This election has caused some of the most intense political division of our lifetime. The mainstream media is dissecting this election with fervor and reaping the rewards in network ratings.
They are milking this election for all it's worth and the candidates have done their share to assist them in doing so, by creating headlines seemingly out of thin air, as a simple tweet or statement can become a week-long news story.
But while this political climate has been incredibly intense and widely covered, it has also driven many voters to a place of political apathy. There isn't much optimism being promoted in this campaign by either candidate.
Many voters have become dissatisfied with their party, their party's policy proposals, or the candidate their party nominated. People seem unsure of who to vote for, or are flat out uninterested in voting. Even worse, some people are voting from the standpoint of "picking the lesser of two evils".
This campaign apathy appears to be most present on college campuses around the country. A recent millennial poll revealed that 34 percent of prospective voters are not voting for either Trump or Hillary.
Campaign activists are persistently confronted with this problem, and it has become exponentially worse as this year's candidates simply don't inspire millennials to make the trek to the voting booth.
However, despite college students disinterest, their votes are key to this campaign. A gigantic shift of college students to the Republican party could help Trump secure a victory, especially in decisive states such as Florida, Ohio, and North Carolina.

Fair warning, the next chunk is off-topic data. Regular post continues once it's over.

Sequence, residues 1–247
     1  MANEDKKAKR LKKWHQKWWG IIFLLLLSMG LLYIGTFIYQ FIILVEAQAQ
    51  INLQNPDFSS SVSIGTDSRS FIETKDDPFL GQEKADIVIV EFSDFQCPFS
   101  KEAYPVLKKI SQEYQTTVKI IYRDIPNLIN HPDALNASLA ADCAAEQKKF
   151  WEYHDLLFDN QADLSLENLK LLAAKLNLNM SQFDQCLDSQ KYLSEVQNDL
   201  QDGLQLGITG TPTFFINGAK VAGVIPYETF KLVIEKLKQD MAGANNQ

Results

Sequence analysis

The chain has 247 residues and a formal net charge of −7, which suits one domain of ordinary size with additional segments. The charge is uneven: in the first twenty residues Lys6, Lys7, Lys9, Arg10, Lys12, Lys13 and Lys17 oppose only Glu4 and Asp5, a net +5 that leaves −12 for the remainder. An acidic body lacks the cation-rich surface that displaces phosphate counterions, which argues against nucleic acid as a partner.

If Clinton can drive voters to the polls while not suffering some out-of-nowhere shift in preference from this group, she could dramatically help her chances like Obama did in 2012 when he made a concerted effort to turn out young voters. .
And although the circumstances are less than ideal, I plead to my fellow millennials to impact this election by simply turning in a vote. Voting is one of our civic duties and people will continue to not take our generational voting block seriously if we decide to not make a difference.
For the politically apathetic: go out and protest vote. Vote for Gary Johnson, Jill Stein, or hell, write in your own name (It is America you know). If you're a fan of Hillary or Donald or are voting for the lesser of two evils, do it without worrying about what your peers in your social circles may think.
But remember this: no one is entitled to your vote. Candidates have to earn your approval.
So, when you don't show up at the booth because neither candidate earned your vote, you let the candidates win. While your protest vote may not impact the election, it will help in sending a message to the political establishments of this nation that our country deserves better candidates than the ones that have been offered up.
Regardless of how angry, frustrated or disappointed you may be at this presidential election, make sure that the candidates, the parties, and the media know how you feel. Do this by simply by going in and casting a vote. Have an impact, whether that be left, right, centrist, up, down, finger pointed at yourself, whatever. Your vote counts.